Hyundai’s Grand i10-based compact sedan has always been a fairly well-built and feature-packed offering. The Xcent, however, didn’t set sales charts on fire as Hyundais normally do. Its 1.1-litre, three-cylinder diesel was a bit low on power, the ride was nothing to write home about, and the cabin was quite narrow too.
However, with this facelift, Hyundai seems to have addressed the compact sedan’s weaknesses and has gone one step further too. To start with, when viewed from the front, the Xcent facelift looks quite different from the Grand i10.
The major tweaks include an all-new grille, a new bumper which gets air inlets that improve the car’s aerodynamic efficiency, and LEDs surrounding the fog lamps.
There aren’t too many changes to the car’s side profile, apart from the new and larger wheels, but like the front end, the rear has also been thoroughly updated. The new horizontal tail-lights make the rear look almost Audi-like, plus, a wider rear bumper makes the car look more muscular. Boot space, however, remains the same at an impressive 407 litres.
Step into the cabin and the first change that you’ll notice here is the 7.0-inch touchscreen. The infotainment system packs in Apple CarPlay and Android Auto, among other useful apps, and is quite slick to use. What’s also evident is the huge step up in quality, compared to the other cars in this class. The fit and finish of the dash and steering wheel, and functionality of all the switches, all point to a very high level of sophistication. Even the gear lever, with all its chrome, leather and Plexiglas embellishments, is a complete joy to hold.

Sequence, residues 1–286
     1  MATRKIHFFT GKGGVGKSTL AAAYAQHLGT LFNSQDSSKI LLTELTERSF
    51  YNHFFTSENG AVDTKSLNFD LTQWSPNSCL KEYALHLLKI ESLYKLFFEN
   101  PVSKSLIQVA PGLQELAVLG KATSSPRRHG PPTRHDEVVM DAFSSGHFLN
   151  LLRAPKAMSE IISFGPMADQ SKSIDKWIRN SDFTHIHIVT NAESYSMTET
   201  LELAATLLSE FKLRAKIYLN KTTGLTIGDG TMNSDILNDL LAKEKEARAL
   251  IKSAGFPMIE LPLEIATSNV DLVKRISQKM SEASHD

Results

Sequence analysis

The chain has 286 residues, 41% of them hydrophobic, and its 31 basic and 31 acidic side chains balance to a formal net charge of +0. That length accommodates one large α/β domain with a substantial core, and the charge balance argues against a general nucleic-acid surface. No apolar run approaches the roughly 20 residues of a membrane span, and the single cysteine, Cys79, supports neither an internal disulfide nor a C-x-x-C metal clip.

The cabin still isn’t too wide and sitting three in the back will be tight. However, the back seat is placed at a good height, it offers good comfort, and there’s a fair amount of legroom and an air-con vent at the rear too.
The updated car is also much better to drive, and that’s thanks to the bigger, stronger diesel engine. It is now a 1.2-litre, three-cylinder motor that makes 75hp (against the older 1.1-litre unit’s 72hp). The engine feels a bit thrummy at idle, you can feel some amount of vibrations from the gear lever and even from the pedals too. It’s not as smooth as a petrol three-cylinder for sure, but insulation seems to be better than on the earlier car.
Put your foot down on the accelerator and the engine spools extremely quickly, and it feels quite peppy past 2,000rpm. As a result, the best way to drive this car is to use the accurate gearbox and keep the motor spinning above 2,000rpm. Driven in this manner, performance is quite effortless, and is a huge improvement over the earlier car. Even outright acceleration is much better. The 0-100 dash, for example, now only takes 15.58 seconds as against the earlier car’s 18.61 seconds, and it’s also a couple of seconds quicker for regular driving.
Hyundai has also improved the ride quality. The car absorbs patches quite well, and there’s good amount of sound insulation to keep ambient noises out of the cabin; you hardly ever hear the wheels thumping over rough ground. Even the steering and handling are nicer. The former is now lighter to use, smoother in operation and more accurate. Also, there’s impressive amount of grip on offer, which makes the car quite fun to drive.
All in all, the cosmetic updates, improved engine and improved driving manners mean that the facelifted Xcent is a big improvement over the older car. It is nicer to drive, quite comfy to sit in, and packs in more equipment. So yes, if you are looking to buy yourself a compact sedan, make sure you take a long hard look at this one.
(In arrangement with Autocar India)